Is technical communication ideally neutral, or inevitably political? or does it rest in some position between these extremes?
Many of the readings we have encountered suggest varying ways of truth finding and/or knowledge creation, intent on removing partiality, balancing power relations, detecting inequalities that privilege one position over another, or removing marginalization by either inclusion or exclusion. In short, there is a clear call out to stop the othering of the Other. The Barton & Barton article, was fascinating from several angles, and illustrates the afore mentioned calls for removing imbalances clearly in terms of power relations as expressed in the visual representation of the map. Maps with the intent to possess, claim, legitimate, and name (p. 236) that represent an optimist yet highly distorted Weltanschauung, are, according to B&B, based on rules of inclusion and exclusion.
I would, at this point, like to detour just a little bit. I could not help but think of mashup technology, especially, of course map mashups, while reading this article. B&B bemoan the Euro-centric and more importantly power-centric vision of the map, privileging the perspectives of a few over those of the marginalized. The mashup technology is somewhat of an epitomy of this concept, in that it clearly serves a purpose, either in marketing, in business, in science, or any give situation that could ‘benefit’ from a combination of certain data. If taken to the level of the individual, and his or her specific needs at a specific point in time, it is entirely user-centric, a concept that has recently swept across the management of knowledge everywhere. However, it is also very different in that it is ephemeral (or can be) and it really only serves a very particular purpose.
This brings me to my second detour, Jeff Rice’s rhetoric of the network. Jeff Rice proposes a rhetoric of database-driven online mapping of spaces and names it the rhetoric of the network. Using an SNL skit about the quality of online mapping services, such as Google Maps and MapQuest, as a starting point, Rice outlines how these services use particular “types of informational arrangement for the purpose of invention.” Not unlike Carolyn Miller’s notion of novelty in the invention associated with topoi, upon which the rhetor draws, the database can be used to draw those arguments that are deemed the most appropriate for the situation. Rice proposes for arrangement to be the key to invention. Rice cites Walter Ong in characterizing the Ramist approach to arrangement as being the logical process of navigating topoi to facilitate the most efficient path to understanding an argument. This, according to Rice citing Ong, presupposes that there is a preset order or arrangement and one just has to navigate it but one cannot rearrange it, effectively curbing invention.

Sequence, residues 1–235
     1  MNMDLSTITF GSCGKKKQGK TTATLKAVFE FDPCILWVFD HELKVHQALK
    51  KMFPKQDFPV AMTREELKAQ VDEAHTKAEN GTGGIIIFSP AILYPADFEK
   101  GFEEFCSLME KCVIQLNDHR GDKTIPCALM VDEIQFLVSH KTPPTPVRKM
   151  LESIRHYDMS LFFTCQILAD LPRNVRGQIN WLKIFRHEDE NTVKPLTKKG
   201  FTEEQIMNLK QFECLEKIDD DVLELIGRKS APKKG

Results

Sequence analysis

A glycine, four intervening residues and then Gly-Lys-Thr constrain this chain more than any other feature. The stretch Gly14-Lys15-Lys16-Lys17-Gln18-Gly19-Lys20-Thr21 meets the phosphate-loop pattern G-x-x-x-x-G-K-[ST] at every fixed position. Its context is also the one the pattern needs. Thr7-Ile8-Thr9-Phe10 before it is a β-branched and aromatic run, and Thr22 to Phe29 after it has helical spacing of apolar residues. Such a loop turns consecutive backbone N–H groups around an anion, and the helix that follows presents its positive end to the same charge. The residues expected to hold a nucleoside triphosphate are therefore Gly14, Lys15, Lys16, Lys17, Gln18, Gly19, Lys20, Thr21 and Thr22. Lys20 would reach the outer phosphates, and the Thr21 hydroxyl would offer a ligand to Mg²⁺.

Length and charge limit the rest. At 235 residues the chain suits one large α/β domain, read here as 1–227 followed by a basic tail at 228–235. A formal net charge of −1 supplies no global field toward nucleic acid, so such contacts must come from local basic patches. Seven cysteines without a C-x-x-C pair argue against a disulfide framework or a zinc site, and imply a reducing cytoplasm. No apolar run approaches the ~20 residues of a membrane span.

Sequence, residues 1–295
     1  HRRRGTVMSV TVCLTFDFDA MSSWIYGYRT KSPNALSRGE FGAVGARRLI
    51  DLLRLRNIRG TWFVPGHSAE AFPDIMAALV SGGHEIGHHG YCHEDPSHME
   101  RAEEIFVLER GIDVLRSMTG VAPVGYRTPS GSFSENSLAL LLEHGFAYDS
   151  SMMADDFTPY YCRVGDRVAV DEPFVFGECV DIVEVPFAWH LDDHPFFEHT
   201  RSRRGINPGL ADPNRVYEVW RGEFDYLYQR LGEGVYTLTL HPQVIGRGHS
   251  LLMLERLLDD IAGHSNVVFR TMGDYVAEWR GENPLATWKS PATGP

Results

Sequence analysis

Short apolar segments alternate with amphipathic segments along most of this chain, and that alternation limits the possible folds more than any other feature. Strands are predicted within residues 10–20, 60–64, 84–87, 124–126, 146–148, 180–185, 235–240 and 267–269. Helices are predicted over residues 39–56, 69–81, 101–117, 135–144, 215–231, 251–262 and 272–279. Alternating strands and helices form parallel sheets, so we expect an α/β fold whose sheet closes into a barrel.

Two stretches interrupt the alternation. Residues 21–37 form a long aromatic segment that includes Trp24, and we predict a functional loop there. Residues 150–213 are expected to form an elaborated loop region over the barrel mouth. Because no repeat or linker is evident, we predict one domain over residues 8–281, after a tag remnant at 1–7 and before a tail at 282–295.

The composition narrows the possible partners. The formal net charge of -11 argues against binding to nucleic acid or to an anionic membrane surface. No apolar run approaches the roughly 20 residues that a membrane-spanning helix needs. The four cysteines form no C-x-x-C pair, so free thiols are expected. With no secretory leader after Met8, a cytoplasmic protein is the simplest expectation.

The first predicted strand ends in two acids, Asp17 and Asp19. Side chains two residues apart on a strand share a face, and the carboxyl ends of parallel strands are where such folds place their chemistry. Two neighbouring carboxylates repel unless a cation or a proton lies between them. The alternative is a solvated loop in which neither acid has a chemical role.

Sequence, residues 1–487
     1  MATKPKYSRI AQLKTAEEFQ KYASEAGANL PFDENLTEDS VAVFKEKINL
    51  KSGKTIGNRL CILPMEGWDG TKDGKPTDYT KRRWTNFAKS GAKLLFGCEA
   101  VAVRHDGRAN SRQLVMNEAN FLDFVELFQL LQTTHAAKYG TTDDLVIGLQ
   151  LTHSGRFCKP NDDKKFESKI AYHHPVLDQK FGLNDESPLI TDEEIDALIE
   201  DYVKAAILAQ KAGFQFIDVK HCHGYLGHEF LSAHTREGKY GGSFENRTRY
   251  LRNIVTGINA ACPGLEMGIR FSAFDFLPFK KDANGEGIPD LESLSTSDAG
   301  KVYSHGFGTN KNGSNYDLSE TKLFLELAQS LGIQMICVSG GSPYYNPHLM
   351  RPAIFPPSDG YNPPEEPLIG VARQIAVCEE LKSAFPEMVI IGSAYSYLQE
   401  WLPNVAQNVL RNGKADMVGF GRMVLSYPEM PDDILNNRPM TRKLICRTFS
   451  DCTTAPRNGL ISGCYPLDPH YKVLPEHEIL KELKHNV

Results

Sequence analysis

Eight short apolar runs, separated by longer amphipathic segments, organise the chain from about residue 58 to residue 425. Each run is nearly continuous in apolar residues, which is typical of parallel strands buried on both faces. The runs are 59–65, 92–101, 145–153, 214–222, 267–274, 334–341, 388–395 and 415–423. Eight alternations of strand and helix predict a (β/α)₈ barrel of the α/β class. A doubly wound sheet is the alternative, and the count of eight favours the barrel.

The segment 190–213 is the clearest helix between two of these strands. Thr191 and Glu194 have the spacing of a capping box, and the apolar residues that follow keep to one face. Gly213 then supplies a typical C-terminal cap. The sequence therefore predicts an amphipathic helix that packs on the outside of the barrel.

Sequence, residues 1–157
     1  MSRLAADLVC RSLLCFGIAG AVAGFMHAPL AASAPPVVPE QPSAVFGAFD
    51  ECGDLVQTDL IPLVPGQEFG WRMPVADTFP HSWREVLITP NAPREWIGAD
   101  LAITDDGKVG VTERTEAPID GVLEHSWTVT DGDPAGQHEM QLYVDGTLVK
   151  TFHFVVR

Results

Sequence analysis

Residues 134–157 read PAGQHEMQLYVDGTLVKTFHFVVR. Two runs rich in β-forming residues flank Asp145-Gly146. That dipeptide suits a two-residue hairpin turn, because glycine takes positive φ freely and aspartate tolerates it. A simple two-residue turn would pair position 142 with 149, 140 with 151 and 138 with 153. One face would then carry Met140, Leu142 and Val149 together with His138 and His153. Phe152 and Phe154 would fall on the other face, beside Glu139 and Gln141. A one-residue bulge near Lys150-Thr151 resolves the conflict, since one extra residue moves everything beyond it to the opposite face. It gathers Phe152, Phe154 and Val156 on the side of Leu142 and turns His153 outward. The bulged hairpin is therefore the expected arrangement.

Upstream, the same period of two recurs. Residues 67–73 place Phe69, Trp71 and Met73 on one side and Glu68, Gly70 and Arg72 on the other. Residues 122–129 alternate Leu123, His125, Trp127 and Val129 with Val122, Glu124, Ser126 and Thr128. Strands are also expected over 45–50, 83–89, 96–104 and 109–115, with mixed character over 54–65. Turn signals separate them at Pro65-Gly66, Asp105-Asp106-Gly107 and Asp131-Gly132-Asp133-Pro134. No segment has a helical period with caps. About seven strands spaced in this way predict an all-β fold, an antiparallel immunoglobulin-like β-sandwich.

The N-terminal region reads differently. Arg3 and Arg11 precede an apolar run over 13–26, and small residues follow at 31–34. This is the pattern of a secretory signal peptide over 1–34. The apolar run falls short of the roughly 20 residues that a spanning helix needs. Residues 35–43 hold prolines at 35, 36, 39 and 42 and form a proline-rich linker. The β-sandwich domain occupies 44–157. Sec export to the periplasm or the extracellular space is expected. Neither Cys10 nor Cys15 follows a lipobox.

Spatial layout on a print page can be said to determine the structure of ideas with tables and outlines, etc., as arrangement devices. Rice, though, suggests just the opposite for the rhetoric of the network, id est, there are no grids and tables that confine movement of spaces and places in a database; it rather leaves the navigational path open by not predetermining any structure of the arrangement. This means that the rhetor, or in our case the information seeker or map viewer, is allowed an individualistic arrangement allowing for invention of new paths. Rice summarizes this thought by following Miller’s notion of the topos as a conceptual space that does not have completely predetermined content and, thus, can be seen as a starting point for renewed search. B&B, in my opinion, would probably have added to their article, had they known about mashup technologies.
Now, finally, getting to the prompt for today’s post, I would like to say that TC cannot and should not be neutral. Circling back to the introductory paragraph of this post, I want to say that neutrality or objectivity are unachievable. Any author or designer composes through a lens, has an angle. What I do want to emphasize, though, is that with the current development towards more egalitarian and participatory technologies (Web 2.0, etc), we can observe a much greater scrutiny of the expression of power relations. The removal of the economic cost of information when it was still firmly attached to a material carries (paper) has democratized information and allowed for a much wider distribution of crucial knowledge. ‘Others’ have a voice now and can make that voice be heard. Authorship has changed, because authors can now be contacted and questioned by their audiences. So when B&B quote Williams on p. 239 that, “there are in fact no masses; there are only ways of seeing people as masses”, we can now say that these masses (image or not) have a voice as individuals.
The Slack, Miller, Doak article approaches the topic from the angle of authorship or ‘writer’ as Foucault prefers. What makes one an author? What constitutes authorship? This article also centers on the power relations existent in authorship. Again, this really doesn’t allow for any kind of neutrality in writing. Neutrality, while unachievable, might not even be desirable because it might be un-decodable for the receiver. Interesting to me was the choice of words that comes straight out of the telecommunication jargon. Also, if we assume communication to an ongoing struggle for power (p. 167), we cannot ever assume neutrality.